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Russians Honor Deceased Poet Brodsky on His 75th Birthday

Beloved poet Joseph Brodsky teaching a class in Michigan, circa 1973.

Sunday marked what would have been the 75th birthday of beloved poet Joseph Brodsky, Russia's most recent Nobel Prize winner in literature.

Though he may have died nearly two decades ago, Russians have gone all out in recent days to honor Brodsky's life and work, including with a museum launch, documentaries aired on state television channels and the prospect of a Moscow street named in his honor.

After years of failed attempts to purchase the property from its current owners, a museum was temporarily opened in the communal apartment in St. Petersburg where he lived until he was compelled to emigrate from the country in 1972.

Brodsky's daughter Anna was one of the first visitors to the museum, which — though still undergoing restoration — is expected to open on a more permanent basis by the end of this year, Rossiiskaya Gazeta reported.

Moscow City Duma lawmaker Yevgeny Gerasimov told the Govorit Moskva radio station Saturday that his colleagues would readily support an initiative to name a Moscow street after the poet.

The literary great has already been honored with monuments in Russia, including one that was unveiled in the courtyard of the Philology Faculty of St. Petersburg State University in 2005, and another on Moscow's Novinsky Bulvar, near the U.S. Embassy, in 2011.

Brodsky is the last Russian poet widely recognized as a classic of the Russian literary tradition. In 1987 he received a Nobel Prize in literature "for an all-embracing authorship, imbued with clarity of thought and poetic intensity." In his work he has explored new poetic styles without breaking with the classic Russian school of poetry.

Brodsky was born to a Jewish family in Leningrad, now St. Petersburg, in 1940, just over a year shy of the Nazi siege of the city that claimed hundreds of thousands of lives.

At age 15, he left school to work in a factory, and then at a morgue. He continued to hold various odd jobs, while devoting his free time to reading widely, learning foreign languages and pouring himself into his studies of philosophy, antiquities and British and American poetry.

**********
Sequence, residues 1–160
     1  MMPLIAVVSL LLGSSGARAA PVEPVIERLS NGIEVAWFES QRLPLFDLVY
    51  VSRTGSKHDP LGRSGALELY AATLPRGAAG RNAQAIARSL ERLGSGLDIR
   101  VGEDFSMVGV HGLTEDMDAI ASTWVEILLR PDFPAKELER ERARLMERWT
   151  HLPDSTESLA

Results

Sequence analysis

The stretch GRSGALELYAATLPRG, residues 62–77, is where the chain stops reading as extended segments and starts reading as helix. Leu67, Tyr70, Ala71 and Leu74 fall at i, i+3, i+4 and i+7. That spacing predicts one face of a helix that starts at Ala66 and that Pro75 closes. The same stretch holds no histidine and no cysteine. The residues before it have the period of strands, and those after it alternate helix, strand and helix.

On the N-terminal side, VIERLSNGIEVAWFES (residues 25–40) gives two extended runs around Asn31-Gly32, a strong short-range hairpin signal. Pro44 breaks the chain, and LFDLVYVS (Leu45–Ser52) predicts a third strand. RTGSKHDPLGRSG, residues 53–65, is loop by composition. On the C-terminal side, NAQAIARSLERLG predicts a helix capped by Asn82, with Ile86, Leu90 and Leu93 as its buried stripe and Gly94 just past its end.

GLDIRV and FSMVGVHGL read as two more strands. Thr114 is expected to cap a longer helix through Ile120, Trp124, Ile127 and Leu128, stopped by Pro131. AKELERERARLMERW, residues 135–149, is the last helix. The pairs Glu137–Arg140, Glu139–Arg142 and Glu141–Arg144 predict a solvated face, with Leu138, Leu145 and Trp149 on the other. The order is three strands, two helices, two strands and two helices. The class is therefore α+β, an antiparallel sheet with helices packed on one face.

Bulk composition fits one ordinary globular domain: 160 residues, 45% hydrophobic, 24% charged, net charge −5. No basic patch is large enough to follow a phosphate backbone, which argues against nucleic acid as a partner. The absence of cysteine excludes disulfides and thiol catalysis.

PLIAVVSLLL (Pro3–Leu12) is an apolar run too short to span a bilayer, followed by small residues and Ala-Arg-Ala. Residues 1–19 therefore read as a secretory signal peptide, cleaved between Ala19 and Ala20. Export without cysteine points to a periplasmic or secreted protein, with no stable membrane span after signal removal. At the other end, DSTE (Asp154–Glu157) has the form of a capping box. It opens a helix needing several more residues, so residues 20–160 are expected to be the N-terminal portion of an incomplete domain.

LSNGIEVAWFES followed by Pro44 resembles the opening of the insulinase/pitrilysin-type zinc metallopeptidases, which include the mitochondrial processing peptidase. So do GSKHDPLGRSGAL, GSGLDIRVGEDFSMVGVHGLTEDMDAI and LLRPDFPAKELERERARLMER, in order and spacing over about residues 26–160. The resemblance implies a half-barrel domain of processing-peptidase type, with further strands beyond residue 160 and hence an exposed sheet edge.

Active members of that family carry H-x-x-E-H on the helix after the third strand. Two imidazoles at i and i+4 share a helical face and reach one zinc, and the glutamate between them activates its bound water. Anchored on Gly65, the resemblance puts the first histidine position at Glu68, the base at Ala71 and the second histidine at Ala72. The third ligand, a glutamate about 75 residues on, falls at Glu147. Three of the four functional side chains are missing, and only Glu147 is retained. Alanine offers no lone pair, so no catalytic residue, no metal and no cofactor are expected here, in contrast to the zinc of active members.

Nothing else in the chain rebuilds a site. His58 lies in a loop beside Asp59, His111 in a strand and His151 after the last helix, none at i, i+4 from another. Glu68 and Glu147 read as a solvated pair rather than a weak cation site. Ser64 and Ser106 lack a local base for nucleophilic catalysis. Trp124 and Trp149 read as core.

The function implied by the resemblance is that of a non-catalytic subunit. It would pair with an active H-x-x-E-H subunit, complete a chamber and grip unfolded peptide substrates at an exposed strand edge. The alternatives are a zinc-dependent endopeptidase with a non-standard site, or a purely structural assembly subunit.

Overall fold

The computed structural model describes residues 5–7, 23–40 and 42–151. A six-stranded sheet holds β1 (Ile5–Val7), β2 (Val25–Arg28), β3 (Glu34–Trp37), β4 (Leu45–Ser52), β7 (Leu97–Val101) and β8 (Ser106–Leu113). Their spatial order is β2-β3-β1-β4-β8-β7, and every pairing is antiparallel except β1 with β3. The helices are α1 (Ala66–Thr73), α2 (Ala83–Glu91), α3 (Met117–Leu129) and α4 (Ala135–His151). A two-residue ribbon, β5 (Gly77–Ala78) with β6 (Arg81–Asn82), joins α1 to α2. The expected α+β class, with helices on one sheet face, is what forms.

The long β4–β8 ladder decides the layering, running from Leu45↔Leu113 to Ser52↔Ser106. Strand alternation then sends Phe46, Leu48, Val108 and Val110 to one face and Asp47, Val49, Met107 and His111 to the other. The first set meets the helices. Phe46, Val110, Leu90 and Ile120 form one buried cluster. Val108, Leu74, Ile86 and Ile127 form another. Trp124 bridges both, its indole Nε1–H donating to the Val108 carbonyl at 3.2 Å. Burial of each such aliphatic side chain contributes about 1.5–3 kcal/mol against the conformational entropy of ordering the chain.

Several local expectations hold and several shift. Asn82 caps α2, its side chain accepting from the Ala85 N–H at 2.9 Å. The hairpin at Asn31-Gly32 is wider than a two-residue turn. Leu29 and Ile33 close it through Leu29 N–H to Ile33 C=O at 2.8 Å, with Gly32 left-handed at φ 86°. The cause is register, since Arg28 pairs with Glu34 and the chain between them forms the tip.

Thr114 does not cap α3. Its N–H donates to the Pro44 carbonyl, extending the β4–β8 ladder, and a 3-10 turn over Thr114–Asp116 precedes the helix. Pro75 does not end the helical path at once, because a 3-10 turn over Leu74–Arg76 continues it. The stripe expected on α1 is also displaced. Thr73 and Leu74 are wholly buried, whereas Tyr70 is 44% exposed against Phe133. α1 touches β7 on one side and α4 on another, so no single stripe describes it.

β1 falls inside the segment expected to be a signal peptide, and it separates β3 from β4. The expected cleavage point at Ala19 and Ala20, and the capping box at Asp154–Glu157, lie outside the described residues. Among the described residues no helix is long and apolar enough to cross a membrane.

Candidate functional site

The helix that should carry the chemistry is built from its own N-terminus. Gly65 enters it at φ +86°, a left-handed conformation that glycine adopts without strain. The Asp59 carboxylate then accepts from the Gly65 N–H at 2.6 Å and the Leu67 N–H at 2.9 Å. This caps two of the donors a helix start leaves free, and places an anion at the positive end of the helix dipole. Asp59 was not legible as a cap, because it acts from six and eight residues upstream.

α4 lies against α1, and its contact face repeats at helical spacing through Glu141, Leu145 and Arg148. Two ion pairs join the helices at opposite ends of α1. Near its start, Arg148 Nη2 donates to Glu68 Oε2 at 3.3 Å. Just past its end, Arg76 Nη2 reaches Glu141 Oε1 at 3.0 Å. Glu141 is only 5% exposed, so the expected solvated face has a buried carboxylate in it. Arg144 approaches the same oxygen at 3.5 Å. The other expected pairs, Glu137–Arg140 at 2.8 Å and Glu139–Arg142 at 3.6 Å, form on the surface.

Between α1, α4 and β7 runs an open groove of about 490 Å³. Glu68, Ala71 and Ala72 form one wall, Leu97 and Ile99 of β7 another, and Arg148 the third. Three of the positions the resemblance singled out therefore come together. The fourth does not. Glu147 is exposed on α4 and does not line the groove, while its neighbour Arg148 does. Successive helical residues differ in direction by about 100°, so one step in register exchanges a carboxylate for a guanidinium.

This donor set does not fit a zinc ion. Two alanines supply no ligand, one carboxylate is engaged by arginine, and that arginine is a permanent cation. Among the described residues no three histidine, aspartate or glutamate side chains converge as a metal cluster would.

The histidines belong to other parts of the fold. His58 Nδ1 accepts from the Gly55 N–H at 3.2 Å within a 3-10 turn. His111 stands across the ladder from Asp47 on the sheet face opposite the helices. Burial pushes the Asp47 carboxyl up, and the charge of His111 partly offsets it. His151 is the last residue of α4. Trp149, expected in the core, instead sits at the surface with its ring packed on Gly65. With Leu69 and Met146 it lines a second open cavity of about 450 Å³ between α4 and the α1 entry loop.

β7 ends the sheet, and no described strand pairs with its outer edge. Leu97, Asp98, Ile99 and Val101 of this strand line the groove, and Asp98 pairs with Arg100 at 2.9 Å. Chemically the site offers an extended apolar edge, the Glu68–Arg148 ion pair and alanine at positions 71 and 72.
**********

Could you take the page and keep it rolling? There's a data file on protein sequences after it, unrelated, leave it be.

He began his own foray into poetry in 1955, some of which was published in the underground Sintaksis journal. Brodsky quickly gained adoring fans among other poets and the general public, a visibility that soon attracted the attention of the Soviet authorities.

He was denounced by official newspapers, arrested and committed to mental institutions on various occasions. On trial in 1964, as he faced charges of social parasitism, a court determined that odd jobs and poetry did not constitute an adequate contribution to society. He was sentenced to five years of forced labor, but served only 18 months at a farm in the Arkhangelsk region.

Over the years, Brodsky gained fame in the West with much of his work published abroad. After another series of run-ins with security services, Brodsky was made to emigrate, first to Israel and then to the United States, where he taught at the University of Michigan, as well as other institutions. In 1991 Brodsky became a Poet Laureate of the United States.

He never returned to Russia before succumbing to a heart attack in his New York City apartment in 1996. He was buried in Venice, Italy.

Contact the author at i.nechepurenko@imedia.ru

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